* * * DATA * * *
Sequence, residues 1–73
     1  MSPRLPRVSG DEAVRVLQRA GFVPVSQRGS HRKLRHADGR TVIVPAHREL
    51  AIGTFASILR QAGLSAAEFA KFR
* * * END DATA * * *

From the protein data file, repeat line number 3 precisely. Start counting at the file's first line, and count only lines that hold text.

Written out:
    51  AIGTFASILR QAGLSAAEFA KFR